One of the most courageous voices of GayRussia, a group that organizes direct LGBTQI action, is Anna Komarova. A genderqueer activist, Komarova was one of 18 protesters (15 of them Russian) arrested as they tried to stage the banned Moscow Gay Pride parade on Saturday. All were roughly handled by the police; Komarova was forced to the ground by police and kicked in the head.
Komarova gave me an exclusive interview on Sunday. “I’m an a-gender [genderqueer, transgender], a member of the organizing committee of Moscow Gay Pride,” he told me. “I use clothes and my language to express my gender identity: I use feminine name and masculine grammar gender. So use masculine grammar gender when you write about me, please. My work corresponds to my temperament, and besides that I think that it’s impossible to get any other rights without an opportunity of realization of the basic right of freedom of assemblies in Russia and anywhere else.”
I asked Komarova about the events leading to the protest, and what he had personally experienced. What I found particularly interesting is that he reflected minimally on his injuries and more on the cause itself–an expression of extraordinary commitment and bravery.
In his own words:
We have been fighting for Moscow Gay Pride since 2005. All of our actions in Moscow weren’t authorized by Moscow authorities. We were arrested and beaten by counter protesters many times.
The head of the organizing committee of Moscow Gay Pride was kidnapped by special government services for three days in 2010. But anyway, in 2010, we won our case in European Court of Human Rights [ECHR] about Moscow Prides 2006-2008. The St. Petersburg authorities began to authorize LGBTQ actions after the decision of ECHR. So of course we expected and hoped Moscow Pride 2011 to be authorized this year.
After the rejection of Moscow Pride by the authorities we decided to organize Moscow Pride just like we did it in the beginning in 2006. First, participants gathered near the Tomb of the Unknown Soldier in Alexander Garden near the walls of the Kremlin at 1 p.m. Then. at 1:30 p.m., a second event took place in front of Moscow City Hall on Tverskaya Street. The participants were arriving at the various places in small groups.
As usual, we had only a few seconds to unfold our slogans, and it was clear that after that we would be arrested or attacked by counter protesters. I led a group of two persons: Lt. Dan Choi and Andy Thayer. We were arrested immediately after media noticed us not far from Alexander Garden. I took my slogan “trans rights are human rights” out of my pocket, and before I could unfold it I was immediately attacked by police from behind. They turned out my arms so I found myself on the ground.
Then somebody kicked me by my head, two to four times, and then I was led by police to the car. There were a lot of counter protesters in the car and another two women. One of them was Elena Kostyuchenko, a correspondent of the famous Russian opposition newspaper Novaya Gazeta, who came out at the day of Moscow Pride. She took part in it and was badly beaten and injured by counter protesters and she is still in the hospital. At the car I sent a [text message] to Dan Choi to learn about him and Andy. They were arrested, too. Then we spoke a little bit by our mobiles.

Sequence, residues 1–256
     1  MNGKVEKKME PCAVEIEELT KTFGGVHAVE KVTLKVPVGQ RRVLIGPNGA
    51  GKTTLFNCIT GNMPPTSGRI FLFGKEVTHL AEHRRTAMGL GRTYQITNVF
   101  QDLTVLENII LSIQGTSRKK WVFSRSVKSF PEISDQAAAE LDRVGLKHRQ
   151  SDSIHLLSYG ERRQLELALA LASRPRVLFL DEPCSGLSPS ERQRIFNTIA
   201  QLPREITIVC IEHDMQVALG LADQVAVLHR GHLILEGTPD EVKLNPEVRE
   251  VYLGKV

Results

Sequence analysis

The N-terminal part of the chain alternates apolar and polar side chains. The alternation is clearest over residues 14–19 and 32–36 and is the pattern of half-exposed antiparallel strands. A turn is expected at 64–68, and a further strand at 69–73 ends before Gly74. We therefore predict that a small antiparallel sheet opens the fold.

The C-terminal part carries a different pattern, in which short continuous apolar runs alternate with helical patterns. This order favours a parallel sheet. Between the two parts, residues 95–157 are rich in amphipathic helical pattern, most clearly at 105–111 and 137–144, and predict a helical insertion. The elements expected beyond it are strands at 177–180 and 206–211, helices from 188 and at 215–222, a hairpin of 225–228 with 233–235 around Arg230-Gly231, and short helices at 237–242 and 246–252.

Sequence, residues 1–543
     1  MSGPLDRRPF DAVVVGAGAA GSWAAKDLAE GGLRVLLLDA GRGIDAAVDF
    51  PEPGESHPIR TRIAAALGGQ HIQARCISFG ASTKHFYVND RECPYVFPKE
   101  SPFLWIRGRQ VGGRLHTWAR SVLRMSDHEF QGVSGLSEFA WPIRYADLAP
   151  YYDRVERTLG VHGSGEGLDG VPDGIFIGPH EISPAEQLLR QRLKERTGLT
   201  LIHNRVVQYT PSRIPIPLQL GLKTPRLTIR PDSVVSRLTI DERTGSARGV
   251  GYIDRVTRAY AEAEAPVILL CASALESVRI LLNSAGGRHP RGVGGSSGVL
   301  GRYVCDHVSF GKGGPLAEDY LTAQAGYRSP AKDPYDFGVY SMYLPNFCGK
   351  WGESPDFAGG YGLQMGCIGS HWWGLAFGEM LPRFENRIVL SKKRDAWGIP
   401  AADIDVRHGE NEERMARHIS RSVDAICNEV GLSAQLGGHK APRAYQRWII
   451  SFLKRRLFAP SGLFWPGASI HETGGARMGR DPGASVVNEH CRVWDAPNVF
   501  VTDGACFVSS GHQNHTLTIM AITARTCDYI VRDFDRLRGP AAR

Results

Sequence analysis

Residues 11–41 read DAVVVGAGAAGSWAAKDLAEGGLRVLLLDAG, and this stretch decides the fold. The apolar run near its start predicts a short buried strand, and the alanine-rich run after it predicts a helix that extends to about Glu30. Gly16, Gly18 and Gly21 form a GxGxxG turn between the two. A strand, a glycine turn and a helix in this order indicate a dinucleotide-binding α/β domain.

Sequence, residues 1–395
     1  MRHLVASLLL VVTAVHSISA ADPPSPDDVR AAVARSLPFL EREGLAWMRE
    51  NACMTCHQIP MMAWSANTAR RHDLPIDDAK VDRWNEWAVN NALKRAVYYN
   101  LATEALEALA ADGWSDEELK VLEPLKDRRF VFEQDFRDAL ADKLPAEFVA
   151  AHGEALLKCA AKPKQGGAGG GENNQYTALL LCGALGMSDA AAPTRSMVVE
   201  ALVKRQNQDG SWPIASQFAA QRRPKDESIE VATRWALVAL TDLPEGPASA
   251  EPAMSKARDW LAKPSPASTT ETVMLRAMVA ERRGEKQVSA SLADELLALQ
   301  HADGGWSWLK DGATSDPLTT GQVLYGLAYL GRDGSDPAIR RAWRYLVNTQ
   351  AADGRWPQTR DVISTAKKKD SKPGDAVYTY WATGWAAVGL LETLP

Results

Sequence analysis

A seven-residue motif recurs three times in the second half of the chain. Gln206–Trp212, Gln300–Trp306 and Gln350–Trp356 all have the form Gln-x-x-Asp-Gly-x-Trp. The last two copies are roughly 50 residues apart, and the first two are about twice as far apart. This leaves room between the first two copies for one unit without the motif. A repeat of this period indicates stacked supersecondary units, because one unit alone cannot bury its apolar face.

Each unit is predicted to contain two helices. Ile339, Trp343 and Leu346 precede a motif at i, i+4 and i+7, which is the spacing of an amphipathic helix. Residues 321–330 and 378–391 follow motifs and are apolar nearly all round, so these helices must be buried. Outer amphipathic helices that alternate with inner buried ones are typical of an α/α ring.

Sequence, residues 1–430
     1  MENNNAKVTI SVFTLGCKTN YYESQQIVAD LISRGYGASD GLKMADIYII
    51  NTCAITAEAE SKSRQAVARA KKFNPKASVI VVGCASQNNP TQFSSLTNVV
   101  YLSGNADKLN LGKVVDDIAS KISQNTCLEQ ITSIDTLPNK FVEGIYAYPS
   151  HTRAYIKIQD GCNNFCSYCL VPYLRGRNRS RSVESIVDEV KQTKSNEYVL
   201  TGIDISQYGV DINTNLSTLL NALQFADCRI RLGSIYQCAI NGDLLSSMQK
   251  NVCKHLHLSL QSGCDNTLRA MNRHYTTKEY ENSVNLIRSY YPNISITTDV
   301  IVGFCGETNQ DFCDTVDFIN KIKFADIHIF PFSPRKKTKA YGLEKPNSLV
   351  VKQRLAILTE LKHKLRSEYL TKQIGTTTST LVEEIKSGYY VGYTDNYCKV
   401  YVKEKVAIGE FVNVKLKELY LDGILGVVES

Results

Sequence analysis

Everything was quiet both in my [police] car and in their police station (they were singing songs, with Louis-Georges Tin loudly there). Later at the police station a police officer at first tried to insist that I give information and evidence that was against myself. I refused. … Then they brought me to a hospital to get medical help for my wounds. So I was freed at about 8 p.m.
I don’t feel any fear now. I never hide either my gender or any other identity nor my face from newspapers. And there is St. Petersburg LGBT Pride in June. I’m waiting for it.
The action by police and counter protestors in Moscow speaks not only to homophobia, transphobia and genderqueerphobia, but also to the oppression of the basic right to assemble. There are also reports that the police may have sided and possibly collaborated with the counter protestors. According to British human rights campaigner Peter Tatchell,
We witnessed a high level of fraternization and collusion between neo-Nazis and the Moscow police. I saw neo-Nazis leave and re-enter police buses parked on Tverskaya Street by City Hall.
The Russian TV presenter on channel TV-Centre, Olga Bakushinskaya, blogged that she also saw right-wing extremists at City Hall sitting in police buses and speaking openly with the riot police, the OMON.
This was a peaceful demonstration where activists simply sought to unfurl their banners and advocate for Russian in the LGBTQI community. Freedom of Assembly [PDF] is a fundamental right to which all members of the OSCE have committed.
The U.S. State Department has condemned the attack, yet U.S. activists are hoping to hear directly from Secretary of State Hillary Rodham Clinton. One can only wonder though if protocol prohibits such a statement from the Secretary, given the fact that two Americans were involved in a protest on foreign soil.
In the meantime a tip of the hat to Anna Komarova and his comrades as they plan to keep LGBTQI visibility and basic rights their mission. Onward to St. Petersburg!
Photo courtesy of Anna Komarova. Cross-posted at the author’s blog, O-Blog-Dee-O-Blog-Da.